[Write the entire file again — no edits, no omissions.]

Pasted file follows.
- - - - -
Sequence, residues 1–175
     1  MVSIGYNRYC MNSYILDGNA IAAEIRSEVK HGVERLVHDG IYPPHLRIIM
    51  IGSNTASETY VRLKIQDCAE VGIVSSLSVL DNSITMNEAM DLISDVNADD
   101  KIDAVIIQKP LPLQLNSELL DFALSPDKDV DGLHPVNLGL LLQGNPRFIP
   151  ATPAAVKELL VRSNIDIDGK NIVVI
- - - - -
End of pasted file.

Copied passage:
Sequence, residues 1–175
     1  MVSIGYNRYC MNSYILDGNA IAAEIRSEVK HGVERLVHDG IYPPHLRIIM
    51  IGSNTASETY VRLKIQDCAE VGIVSSLSVL DNSITMNEAM DLISDVNADD
   101  KIDAVIIQKP LPLQLNSELL DFALSPDKDV DGLHPVNLGL LLQGNPRFIP
   151  ATPAAVKELL VRSNIDIDGK NIVVI